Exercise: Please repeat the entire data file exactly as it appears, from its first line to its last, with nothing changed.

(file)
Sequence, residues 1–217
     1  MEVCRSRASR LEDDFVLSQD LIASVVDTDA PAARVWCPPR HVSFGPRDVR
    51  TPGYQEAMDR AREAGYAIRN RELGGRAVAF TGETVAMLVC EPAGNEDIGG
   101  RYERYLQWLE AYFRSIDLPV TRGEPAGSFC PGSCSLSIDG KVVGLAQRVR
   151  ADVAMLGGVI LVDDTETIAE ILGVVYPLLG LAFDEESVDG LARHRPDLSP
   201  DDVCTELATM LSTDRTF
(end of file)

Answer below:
Sequence, residues 1–217
     1  MEVCRSRASR LEDDFVLSQD LIASVVDTDA PAARVWCPPR HVSFGPRDVR
    51  TPGYQEAMDR AREAGYAIRN RELGGRAVAF TGETVAMLVC EPAGNEDIGG
   101  RYERYLQWLE AYFRSIDLPV TRGEPAGSFC PGSCSLSIDG KVVGLAQRVR
   151  ADVAMLGGVI LVDDTETIAE ILGVVYPLLG LAFDEESVDG LARHRPDLSP
   201  DDVCTELATM LSTDRTF